Don’t look into the camera; look into the camera. The appeal of these team-by-team preview series—even this one, which varies in focus and scope and will absolutely not leave you more edified about your favorite squad’s frontcourt bench options—is that they’re democratic in a way regular coverage of the NBA isn’t. In the coming season, you’re going to read and listen to a lot of stuff about the Warriors, Celtics, and Cavaliers. The Knicks will dominate the news cycle at certain points, for doing something spectacularly dumb or surprisingly competent. The Rockets are fascinating. Chris Paul and James Harden are either going to submit some groundbreaking work on passing geometry or Harden is about to discover that he is in fact capable of hating someone more intensely than he did Dwight Howard. We’re going to be inundated with so much chatter about a handful of franchises, and the Nets and Suns and Magic and even quite good teams like the Jazz and Nuggets are going to be doing whatever it is they’re doing in relative obscurity.

So we start the season with each team getting some appointed stage time. For the writer, it’s an exercise—thirty squads, thirty prompts. That doesn’t mean thirty worthwhile pieces, but there is at least always something to write about. For the reader, who probably doesn’t ingest the whole shebang, it’s an opportunity to read about whichever teams they care to. If you truly want some words about the Atlanta Hawks—who have no fanbase, who are essentially invisible when they’re not a playoff team—here they are for you, assembled with about as much thought and effort as was given to the ones about the Cavs and Warriors. For six paragraphs, the Hawks suddenly matter, or they’re treated that way.

At its best, this could be like object-oriented ontology: a search for meaning beyond the sphere of what’s been deemed traditionally important. In arguing implicitly that the Hawks are worthy of consideration, even if we don’t believe it, maybe we discover meaning in them we otherwise wouldn’t. 

For example: Dennis Schröder came into league in 2013, touted as German Rajon Rondo. This was a time when that was still an appealing concept. Rondo was deteriorating by then, rehabbing leg injuries that we later learned were basically career-ruining, but he hadn’t yet hit his nadir in Dallas and Sacramento and the league hadn’t yet transitioned away completely from rangy point guards who can’t shoot. The most meaningful difference between Schröder and Rondo is that the former lacks the latter’s passing genius, and perhaps what has sunk Schröder—or at least landed him in the undesirable bad starter/useful backup echelon—is that he simply isn’t all that good. There’s no one thing he excels at. But he’s also a victim of the NBA undergoing a broad transformation—the Pace and Space Revolution, if you want to call it that—at the same time he was just trying to get a basic grasp on it. Even if Schröder’s development had gone more smoothly and he was indeed now, at twenty-four, German Rajon Rondo, we probably still wouldn’t regard him highly, because that sort of player is barely viable anymore.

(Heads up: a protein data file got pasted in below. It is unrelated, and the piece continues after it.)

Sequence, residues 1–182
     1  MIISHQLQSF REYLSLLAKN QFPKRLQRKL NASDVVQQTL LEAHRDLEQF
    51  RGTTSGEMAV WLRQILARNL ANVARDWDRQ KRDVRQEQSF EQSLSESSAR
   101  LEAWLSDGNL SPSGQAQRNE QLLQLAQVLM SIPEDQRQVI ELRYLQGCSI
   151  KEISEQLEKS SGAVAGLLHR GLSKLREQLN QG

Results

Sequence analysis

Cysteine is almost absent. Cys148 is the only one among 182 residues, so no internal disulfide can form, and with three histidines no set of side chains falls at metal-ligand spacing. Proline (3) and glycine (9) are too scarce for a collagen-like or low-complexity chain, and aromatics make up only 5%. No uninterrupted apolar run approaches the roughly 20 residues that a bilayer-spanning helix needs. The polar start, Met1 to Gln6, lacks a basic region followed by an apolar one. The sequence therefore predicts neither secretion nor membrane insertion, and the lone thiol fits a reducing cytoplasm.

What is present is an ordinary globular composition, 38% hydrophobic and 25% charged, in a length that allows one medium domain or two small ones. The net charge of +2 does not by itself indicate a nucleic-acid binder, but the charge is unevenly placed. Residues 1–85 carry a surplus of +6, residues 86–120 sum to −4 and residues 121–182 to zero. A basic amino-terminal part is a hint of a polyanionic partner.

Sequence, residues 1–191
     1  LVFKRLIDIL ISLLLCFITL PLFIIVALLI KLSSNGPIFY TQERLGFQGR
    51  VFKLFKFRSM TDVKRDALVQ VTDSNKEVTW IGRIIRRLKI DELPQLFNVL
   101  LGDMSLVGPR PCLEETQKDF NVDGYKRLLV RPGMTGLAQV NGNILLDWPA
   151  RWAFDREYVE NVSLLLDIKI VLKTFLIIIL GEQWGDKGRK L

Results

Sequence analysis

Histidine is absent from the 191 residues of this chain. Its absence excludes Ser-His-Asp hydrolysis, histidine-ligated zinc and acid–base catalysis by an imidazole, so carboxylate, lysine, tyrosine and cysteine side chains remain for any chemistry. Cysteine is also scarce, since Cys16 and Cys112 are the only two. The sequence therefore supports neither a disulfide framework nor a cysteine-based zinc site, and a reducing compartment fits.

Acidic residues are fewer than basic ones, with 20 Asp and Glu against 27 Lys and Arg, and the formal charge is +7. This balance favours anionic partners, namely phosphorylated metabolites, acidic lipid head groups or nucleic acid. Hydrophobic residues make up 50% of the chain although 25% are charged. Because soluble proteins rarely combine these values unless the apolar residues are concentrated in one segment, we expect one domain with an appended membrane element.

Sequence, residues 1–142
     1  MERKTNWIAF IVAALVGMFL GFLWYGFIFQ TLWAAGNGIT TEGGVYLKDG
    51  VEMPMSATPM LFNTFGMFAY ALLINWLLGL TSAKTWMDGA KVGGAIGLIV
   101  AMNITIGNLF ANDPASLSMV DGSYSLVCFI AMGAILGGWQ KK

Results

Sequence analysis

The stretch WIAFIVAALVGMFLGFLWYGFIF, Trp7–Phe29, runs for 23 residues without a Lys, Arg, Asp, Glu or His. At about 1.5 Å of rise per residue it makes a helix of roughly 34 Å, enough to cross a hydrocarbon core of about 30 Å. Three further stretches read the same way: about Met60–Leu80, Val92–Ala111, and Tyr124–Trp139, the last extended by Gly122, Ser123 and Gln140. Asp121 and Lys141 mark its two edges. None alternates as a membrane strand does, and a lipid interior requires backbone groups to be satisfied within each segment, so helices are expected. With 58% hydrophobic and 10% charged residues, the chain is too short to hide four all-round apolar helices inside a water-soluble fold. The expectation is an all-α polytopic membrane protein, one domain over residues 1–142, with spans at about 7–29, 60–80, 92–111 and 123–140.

We mine for the profound and sometimes emerge with something halfway interesting. Like a lot of things, it is probably a waste of time.

Mike Budenholzer sat on Gregg Popovich’s bench for seventeen years, from age twenty-seven to age forty-four, before the Hawks brought him aboard. You knew the name, if your NBA nerdery ran deep enough, but all the knowledge anyone needed upon his hiring was that he was spiritually Spursian, believing in a kind of regimented expressiveness and possessing a knack for discovering what’s spectacular about otherwise ordinary players. Budenholzer has realized his own spin on Spursiness in Atlanta. It reached its apotheosis in Coach Bud’s second season, when Kyle Korver looked like circa 2008 Ray Allen and DeMarre Carroll was a three-and-D revelation.

And yet: joyfulness is an immeasurable thing, and there will always be people who love one thing or another, but there was something aggressively prescribed about the whole thing, a quality that has become more visible as the Hawks have declined in recent seasons. Maybe we don’t think of Pop as offputtingly boss-like because he let Boris Diaw drink wine and understands that what Manu Ginobili has is something you can’t teach or control, but Budenholzer, who scans as Pop without the worldliness, comes off as an expert gym teacher and his teams play like they’re trying to approximate a computer simulation. At their best, Budenholzer’s Hawks have been impressive if a little alienating, and at their worst—the way they are now—they’re a crushingly boring office job of a team. Budenholzer proves the point that Popovich’s greatness has never been about knowhow alone.

There are dustier corners of our cultural consciousness worth exploring. It sometimes seems like there are five TV shows, three musicians, two comedians, and no authors. Everything is in some way about the president these days. To break from the hivemind is a relief that comes at the cost of loneliness, and some corners are dusty for a reason. In them you find not nothing, but not enough either. Perhaps the discovery of anything at all is a kind of miracle, but with whom are you sharing it?

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